Emojis have become a part and parcel of texting – not only do they help portray our reactions to some statement or media, but they also liven up our time online. And besides, who doesn’t love emojis? You may remember that Twitter had added the option of putting emoji reactions to DMs last year, and this time, the popular micro-blogging site is testing Tweet Reactions in Turkey for a limited time.
That’s right, Twitter users in Turkey will now be able to react to tweets with the laughing crying face, the sad face with a tear, the thinking hard face, the clapping hands, or the numerous emojis that are present almost on every social media platform and conversations. This comes months after Twitter had conducted surveys among its users about their reactions on a Facebook-like way to engage with tweets, and what emojis they would wish to communicate with. This feature will be available on iOS, Android, and the web, which will roll out across the country in the coming days. As for global expansion, Twitter said that it might expand the availability of the Reactions experiment to other regions based on the Turkey test. Twitter users in Turkey need to long-press the heart icon on a tweet to access Tweet Reactions.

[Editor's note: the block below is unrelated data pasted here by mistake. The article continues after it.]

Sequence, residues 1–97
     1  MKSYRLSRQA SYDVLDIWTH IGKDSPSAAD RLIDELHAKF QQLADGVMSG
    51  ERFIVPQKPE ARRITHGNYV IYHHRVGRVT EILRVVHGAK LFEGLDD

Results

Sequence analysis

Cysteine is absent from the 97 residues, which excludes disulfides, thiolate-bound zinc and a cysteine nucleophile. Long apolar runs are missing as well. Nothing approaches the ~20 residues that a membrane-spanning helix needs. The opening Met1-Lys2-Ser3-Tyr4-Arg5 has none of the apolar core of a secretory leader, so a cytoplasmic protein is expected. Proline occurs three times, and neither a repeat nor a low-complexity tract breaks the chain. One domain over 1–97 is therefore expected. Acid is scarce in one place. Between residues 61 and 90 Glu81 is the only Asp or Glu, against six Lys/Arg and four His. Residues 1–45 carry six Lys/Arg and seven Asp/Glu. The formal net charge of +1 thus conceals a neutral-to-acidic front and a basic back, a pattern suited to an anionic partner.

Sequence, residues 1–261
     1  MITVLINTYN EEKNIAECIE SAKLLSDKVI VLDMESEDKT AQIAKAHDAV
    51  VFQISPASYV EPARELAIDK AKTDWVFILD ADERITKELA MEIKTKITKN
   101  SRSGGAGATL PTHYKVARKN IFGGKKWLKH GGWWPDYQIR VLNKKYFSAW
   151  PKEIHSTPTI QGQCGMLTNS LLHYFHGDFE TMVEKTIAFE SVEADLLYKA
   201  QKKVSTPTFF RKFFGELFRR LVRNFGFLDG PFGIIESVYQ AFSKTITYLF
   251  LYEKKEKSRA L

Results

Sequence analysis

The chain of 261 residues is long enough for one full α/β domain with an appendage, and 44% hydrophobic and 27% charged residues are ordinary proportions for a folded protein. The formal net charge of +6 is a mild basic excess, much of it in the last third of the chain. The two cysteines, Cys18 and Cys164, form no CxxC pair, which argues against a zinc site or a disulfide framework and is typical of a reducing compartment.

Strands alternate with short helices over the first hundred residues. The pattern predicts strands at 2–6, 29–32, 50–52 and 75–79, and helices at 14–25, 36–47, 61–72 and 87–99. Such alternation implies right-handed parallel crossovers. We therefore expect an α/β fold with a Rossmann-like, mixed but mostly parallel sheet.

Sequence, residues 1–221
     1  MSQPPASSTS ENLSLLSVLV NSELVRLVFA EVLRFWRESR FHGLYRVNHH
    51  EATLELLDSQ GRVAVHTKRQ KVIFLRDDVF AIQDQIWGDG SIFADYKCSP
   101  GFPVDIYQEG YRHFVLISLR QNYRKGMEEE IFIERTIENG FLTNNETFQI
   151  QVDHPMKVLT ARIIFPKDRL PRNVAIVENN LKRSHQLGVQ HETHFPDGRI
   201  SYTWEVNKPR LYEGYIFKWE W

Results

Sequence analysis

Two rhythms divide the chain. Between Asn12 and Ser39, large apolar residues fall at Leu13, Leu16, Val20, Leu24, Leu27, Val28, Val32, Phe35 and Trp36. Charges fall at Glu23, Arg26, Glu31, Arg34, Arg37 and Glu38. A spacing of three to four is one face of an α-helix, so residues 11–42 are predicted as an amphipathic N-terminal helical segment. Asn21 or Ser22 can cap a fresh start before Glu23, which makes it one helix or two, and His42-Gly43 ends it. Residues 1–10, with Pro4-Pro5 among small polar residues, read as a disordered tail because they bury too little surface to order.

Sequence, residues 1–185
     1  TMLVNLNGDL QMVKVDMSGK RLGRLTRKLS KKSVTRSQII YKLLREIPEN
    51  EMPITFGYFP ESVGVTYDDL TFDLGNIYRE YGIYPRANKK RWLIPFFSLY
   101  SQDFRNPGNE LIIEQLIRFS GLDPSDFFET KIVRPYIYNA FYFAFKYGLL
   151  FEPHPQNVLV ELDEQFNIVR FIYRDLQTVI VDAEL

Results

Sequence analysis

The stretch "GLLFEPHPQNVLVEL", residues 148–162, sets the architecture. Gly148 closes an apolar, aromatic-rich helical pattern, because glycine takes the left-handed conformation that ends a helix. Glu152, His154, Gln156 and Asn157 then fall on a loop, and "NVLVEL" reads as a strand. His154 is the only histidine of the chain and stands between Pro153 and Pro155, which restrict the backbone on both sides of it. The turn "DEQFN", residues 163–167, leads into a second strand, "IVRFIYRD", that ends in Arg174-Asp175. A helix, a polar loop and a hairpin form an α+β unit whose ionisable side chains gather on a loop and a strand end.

“Although ‘frustration’ and ‘anger’ are also common emotions people feel while reading Tweets, and some people want to express disagreement with Tweets, we’re not incorporating these as emoji reactions right now,” Twitter said in a press release. “Our goal is always to support healthy public conversation and we want to see how our current set of emoji will impact conversations.”
Considering the fact that most of the users were concerned with receiving negative emoji feedback, this is probably a good move. The emojis will provide users with more ways to express how they felt about a tweet – something they can provide with an emoji with the click of a button and not writing a comment.
According to Twitter, the emoji reactions would be giving people an easier way to express how they felt, something that theoretically leads to improved expression and participation in public conversation, while also giving “those Tweeting a better understanding of how their Tweets are received.”